There’s been a big push for inquiry-based learning…and for good reason! Inquiry-based learning (which also houses problem-based and project-based learning) encourages critical thinking, problem-solving, collaboration, creativity, craftsmanship, and so much more. When done well, it’s undeniably a beneficial addition.
Inquiry can be a bit of a tricky dance for educators. On the one hand, inquiry-based learning is largely student-driven and teachers serve as more of a mentor, as opposed to a guide, in helping students construct their own knowledge. They play a support role, particularly if students begin to stray in their thinking or get stuck. This is not to say, however, that teachers simply stop teaching and let students have a free-for-all. Rather, teachers can work with students as a class to generate a common starting point before students venture off on their own individually and/or in small groups. Certainly this method of teaching will engage students meta-cognitively, and they will start to chart their own routes of what they want and/or need to know and how they can get there.
For many teachers, inquiry can seem intimidating and maybe even clumsy, particularly if one has assumed more of a direct instructional role for most of their career and/or training. There is so much room at the table for teaching strategies, and inquiry-based strategies provide another way in which we as educators may reach students. Inquiry, at first glance, may seem like a total overhaul in one’s traditional instructional strategy, but in fact, it’s likely many classrooms already employ inquiry-based approaches without even realizing it.
Here are a few quickie, low prep and high impact inquiry-based approaches that can be added to a variety of subjects.
1) Show Me the Money!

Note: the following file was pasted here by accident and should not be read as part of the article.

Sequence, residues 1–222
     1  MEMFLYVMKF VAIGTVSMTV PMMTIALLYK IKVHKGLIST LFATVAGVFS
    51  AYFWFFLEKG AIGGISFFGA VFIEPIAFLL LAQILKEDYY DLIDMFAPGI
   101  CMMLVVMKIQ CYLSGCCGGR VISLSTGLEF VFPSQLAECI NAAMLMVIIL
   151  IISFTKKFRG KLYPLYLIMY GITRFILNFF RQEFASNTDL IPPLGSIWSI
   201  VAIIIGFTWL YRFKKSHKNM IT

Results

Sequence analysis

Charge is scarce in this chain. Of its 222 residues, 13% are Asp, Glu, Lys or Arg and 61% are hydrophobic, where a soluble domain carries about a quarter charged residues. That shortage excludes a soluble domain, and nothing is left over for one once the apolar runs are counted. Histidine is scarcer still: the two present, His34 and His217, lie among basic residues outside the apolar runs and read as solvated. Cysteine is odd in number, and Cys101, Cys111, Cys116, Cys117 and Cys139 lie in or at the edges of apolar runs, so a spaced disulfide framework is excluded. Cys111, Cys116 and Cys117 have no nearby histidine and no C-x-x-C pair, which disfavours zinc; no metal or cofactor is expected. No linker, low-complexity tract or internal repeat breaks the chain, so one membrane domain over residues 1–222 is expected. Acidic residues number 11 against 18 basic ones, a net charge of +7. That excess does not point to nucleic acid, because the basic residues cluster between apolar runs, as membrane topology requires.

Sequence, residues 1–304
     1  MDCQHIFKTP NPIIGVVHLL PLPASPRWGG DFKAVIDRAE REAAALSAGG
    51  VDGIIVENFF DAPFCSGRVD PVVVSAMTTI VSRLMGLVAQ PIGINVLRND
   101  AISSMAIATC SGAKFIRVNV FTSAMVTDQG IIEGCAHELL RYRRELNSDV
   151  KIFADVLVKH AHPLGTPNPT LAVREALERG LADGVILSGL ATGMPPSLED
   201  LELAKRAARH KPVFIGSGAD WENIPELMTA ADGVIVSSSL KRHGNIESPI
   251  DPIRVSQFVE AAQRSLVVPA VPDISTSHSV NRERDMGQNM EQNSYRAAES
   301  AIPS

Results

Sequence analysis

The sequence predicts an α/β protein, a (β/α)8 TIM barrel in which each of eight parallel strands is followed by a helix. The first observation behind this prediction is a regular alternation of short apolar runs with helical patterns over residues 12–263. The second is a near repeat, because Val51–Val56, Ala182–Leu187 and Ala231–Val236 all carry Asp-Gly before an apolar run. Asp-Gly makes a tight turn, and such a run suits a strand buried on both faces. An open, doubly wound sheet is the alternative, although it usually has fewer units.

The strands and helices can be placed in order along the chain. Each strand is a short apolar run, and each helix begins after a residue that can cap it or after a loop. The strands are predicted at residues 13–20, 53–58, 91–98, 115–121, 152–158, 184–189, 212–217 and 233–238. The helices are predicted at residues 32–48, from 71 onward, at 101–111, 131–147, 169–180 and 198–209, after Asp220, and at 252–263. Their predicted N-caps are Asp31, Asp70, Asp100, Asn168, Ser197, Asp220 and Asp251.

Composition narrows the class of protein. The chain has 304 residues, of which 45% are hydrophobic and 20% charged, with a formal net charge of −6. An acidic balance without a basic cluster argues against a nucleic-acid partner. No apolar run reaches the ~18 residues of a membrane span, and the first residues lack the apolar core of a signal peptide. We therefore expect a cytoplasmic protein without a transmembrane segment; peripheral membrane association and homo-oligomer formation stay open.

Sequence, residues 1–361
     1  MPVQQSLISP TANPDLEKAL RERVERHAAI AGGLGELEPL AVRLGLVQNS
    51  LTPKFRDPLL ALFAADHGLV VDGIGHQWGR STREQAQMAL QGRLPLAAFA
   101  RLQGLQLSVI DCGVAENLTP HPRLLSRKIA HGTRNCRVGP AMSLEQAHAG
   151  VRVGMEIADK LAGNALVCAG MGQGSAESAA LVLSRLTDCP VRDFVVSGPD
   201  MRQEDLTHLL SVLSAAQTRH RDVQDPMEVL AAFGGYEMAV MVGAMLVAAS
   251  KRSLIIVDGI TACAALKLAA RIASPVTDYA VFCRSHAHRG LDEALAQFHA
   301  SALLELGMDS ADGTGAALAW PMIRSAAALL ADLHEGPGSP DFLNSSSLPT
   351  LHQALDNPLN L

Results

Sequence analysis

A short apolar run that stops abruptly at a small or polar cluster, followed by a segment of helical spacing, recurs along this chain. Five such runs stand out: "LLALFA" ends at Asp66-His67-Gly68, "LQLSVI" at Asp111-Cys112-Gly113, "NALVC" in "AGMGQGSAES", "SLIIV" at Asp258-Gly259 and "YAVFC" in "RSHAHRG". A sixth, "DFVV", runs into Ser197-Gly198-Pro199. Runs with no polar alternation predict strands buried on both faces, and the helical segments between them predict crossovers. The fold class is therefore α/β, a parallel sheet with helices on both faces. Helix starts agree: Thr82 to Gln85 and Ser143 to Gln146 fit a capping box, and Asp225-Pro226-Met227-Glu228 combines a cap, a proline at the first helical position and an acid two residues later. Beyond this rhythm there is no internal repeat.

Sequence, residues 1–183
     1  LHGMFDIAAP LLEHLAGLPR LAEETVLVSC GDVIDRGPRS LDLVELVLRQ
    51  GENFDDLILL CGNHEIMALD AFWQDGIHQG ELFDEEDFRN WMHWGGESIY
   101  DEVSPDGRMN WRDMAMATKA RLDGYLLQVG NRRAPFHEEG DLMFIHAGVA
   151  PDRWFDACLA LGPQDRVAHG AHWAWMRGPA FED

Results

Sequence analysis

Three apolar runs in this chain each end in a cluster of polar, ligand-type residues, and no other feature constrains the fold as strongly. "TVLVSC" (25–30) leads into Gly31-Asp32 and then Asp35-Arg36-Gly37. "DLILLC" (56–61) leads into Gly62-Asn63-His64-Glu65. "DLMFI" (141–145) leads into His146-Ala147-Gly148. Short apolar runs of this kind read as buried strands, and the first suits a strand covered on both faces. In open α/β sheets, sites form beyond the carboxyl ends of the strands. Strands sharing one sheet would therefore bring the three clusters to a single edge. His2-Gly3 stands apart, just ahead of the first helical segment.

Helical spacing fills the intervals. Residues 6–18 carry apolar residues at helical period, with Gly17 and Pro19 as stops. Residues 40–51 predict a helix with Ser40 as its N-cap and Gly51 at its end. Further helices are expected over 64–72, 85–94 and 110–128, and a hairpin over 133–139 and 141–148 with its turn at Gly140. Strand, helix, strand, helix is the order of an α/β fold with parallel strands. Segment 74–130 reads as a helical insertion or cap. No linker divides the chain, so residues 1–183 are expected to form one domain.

If you’re a traveler like me (or if your colleagues are!), you likely have come home with small coins and bills from around the world. I collect and save money from all of my travels and keep a small stash in my classroom. A fun activity for rainy days is to compile bags of money of various currency, divide students into small groups, and ask them a series of questions related to Social Studies and/or Mathematics curriculum. Generally, students have instant engagement as they look through different currency. Who wouldn’t!? Some questions might include:
- Discover and list the various types of currency (ex: Rupees, Quetzales, Pesos, Francs, Euros, Dollars, Zloty, etc.) in each bag.
- Convert all money to CAD or USD. Which group has the most money? The least?
- Identify all countries each money bag comes from and mapping (use the Mapster app if your school has iPads)
- Ask students to describe any symbols or people associated with currency. What might we assume about the values of the country through what is represented? Have students engage in mini research projects and explore the various symbols represented on bills and coins.
- Discuss with students the different forms of currency. Why do some countries have many small bills (ex: Rupees) versus some countries have primarily only large bills (ex: Dollars)?
2) Creepy Creatures
During Halloween week, when attention spans seem to wan, it can be easier to embrace the madness (while also being mindful of students whose families do not observe holidays) rather than fight it. Creating creatures is another low prep, hands-on, collaborative mini-project with a wide range of curricular crossover, including Mathematics, Language Arts, Art, Etc. Gather a supply basket for each group with things in your classroom (especially those hard-to-find-a-purpose-for things, such as dried bits of clay, pencils down to the nub, etc.). Give each group a bin, provide studnets with directions, and a time limit. This is a great ongoing project for free blocks and/or introducing new topics. It can be adapted to include more robust skills, such as paragraph-writing, creating narratives, and/or character development. Check out my freebie to inspire your own creature projects!
3) What happened here?
One of my favourite uses of transition time (beginning of the day, after recess/lunch, in between projects) is some type of daily or weekly ritual. Writing prompts are one of my favourites and are an excellent way to prime students towards imagination, wonder, and critical thought. Thanks to the internet, there are E N D L E S S creative writing prompts available. Here are some of my favourite images and sources. Please use discretion when selecting images, mindful to copyright and sharing, as well as what you are sharing your students.
Thanks for stopping by! What other ideas do you have for quickie inquiry projects?